"Can you build a great company with a 100% partner-led approach?"
Before we go into much detail about that question from my friend Will, we should first ask ourselves the question; "What does partnerships-led mean?"
Is a webinar I do with another company partner-led? Or, is that just solid efficient thought-leadership content marketing?
Is an integration a partnership? At Partnerhub®, we have integrations with HubSpot, Salesforce, Slack, Sendgrid.... Does that mean they are our partners?
And when I set up an affiliate tracking funnel and payout system for my product... Does that mean those bloggers who signed up and shared my link are my partners?
The point I'm trying to make is:
We can't give partnerships the credit for every marketing or product initiative just because there was a third party involved.
Most of what we call "partnerships" strategy has been done by marketing teams for decades. We're only now naming it partnerships-led. Just because the partner team put on that webinar with a strategic alliance, does not mean it wasn't standard marketing 101 - pulling in others extends the reach and increases trust...
It's a race to the middle if we in the partnerships world try to rebrand everything that's been going on since the start of software marketing as "partnerships strategy."
That's my internal dialogue about this conversation.
But sainter heads prevail and let's pretend I didn't say all that...To Will's question "Can you build a great company with a 100% partner-led approach?"
To conclude this short intro rant, in my opinion, before teams call another company their "partner", these criteria should be in place:
The relationship should be reciprocal (i.e. both partners are putting up resources and time).
Both parties should be monitoring a KPI related to the relationship.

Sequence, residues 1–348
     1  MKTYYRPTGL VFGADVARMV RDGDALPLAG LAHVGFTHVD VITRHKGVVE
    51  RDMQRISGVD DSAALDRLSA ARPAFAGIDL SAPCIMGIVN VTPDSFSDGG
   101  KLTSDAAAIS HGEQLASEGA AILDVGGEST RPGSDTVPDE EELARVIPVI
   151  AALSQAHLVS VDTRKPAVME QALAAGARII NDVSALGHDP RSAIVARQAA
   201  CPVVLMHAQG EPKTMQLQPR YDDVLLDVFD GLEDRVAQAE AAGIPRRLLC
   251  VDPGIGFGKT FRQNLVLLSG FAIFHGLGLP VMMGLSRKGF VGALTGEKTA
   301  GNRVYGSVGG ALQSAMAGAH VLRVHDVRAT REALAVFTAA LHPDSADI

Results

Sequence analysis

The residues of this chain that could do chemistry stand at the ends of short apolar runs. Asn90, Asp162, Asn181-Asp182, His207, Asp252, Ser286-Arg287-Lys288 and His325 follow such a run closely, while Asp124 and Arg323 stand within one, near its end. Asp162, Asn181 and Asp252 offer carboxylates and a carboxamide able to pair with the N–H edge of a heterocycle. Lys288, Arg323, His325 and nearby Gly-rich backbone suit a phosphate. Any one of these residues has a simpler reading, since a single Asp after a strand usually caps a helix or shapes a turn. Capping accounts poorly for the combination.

They have to also call you a "partner".
These rules would prevent the following scenarios from being called "partnerships":
The act of building an integration with another saas product.
Bringing someone onto a webinar.
An affiliate campaign in a marketplace like commission junction.
So, what you should be doing to ensure your marketing and product team also agree that the "partnership" you developed from what was originally a one-sided relationship with a third party.... is to get creative and make more out of those relationships so you can sincerely call them "partnerships", and show the other departments why it is so important they bring you in when any of those are being developed.
Back to Will's question...
A couple caveats before I read my response:
I didn't factor in timeframe.
This is related to SaaS-only. I'm not referring to every category or partnership type in this response.
I am going to remove integrations / tech partnerships from this context because I believe integrations are par for the course (so to speak) if you want to be a SaaS product in today's world. (Also, unless both companies are spending resources on the integration, it's not a "partnership." I spent 4 months of resources integrating Partnerhub® with CRMs and Slack... That doesn't mean I can claim HubSpot is now a partner of mine).